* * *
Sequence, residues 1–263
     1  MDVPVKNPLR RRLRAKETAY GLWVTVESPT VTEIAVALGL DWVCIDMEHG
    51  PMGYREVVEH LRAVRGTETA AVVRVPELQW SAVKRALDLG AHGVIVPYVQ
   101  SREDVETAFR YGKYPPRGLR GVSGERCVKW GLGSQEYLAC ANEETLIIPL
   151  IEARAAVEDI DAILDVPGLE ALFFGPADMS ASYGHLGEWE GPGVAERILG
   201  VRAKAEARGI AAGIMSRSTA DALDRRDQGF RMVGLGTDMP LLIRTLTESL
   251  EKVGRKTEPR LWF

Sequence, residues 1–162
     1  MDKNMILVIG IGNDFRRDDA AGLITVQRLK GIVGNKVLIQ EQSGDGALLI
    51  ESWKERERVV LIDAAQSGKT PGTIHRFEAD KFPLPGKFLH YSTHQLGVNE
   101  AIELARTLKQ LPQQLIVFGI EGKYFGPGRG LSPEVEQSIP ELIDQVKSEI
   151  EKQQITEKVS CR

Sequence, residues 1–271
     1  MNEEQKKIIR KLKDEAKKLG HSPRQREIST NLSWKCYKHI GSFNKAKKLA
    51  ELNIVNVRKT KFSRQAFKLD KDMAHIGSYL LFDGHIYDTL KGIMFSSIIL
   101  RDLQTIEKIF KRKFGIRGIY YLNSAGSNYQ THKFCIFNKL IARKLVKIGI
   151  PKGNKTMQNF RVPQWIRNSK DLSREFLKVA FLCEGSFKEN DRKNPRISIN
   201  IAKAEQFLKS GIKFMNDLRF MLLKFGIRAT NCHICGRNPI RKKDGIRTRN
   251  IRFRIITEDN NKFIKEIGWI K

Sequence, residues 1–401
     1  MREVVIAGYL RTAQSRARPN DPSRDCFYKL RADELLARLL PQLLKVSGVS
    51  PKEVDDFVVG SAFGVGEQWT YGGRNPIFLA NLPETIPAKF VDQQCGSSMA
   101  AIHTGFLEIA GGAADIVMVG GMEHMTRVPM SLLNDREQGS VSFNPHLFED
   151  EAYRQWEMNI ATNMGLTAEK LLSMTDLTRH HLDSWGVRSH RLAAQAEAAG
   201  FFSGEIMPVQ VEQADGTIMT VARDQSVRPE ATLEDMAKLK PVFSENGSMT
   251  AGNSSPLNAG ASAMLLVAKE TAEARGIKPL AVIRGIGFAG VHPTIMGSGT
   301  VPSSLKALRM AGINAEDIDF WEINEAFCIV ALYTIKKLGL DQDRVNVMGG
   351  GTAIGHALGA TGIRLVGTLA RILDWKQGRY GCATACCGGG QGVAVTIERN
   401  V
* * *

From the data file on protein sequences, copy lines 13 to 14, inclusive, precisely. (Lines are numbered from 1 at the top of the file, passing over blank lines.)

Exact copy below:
Sequence, residues 1–271
     1  MNEEQKKIIR KLKDEAKKLG HSPRQREIST NLSWKCYKHI GSFNKAKKLA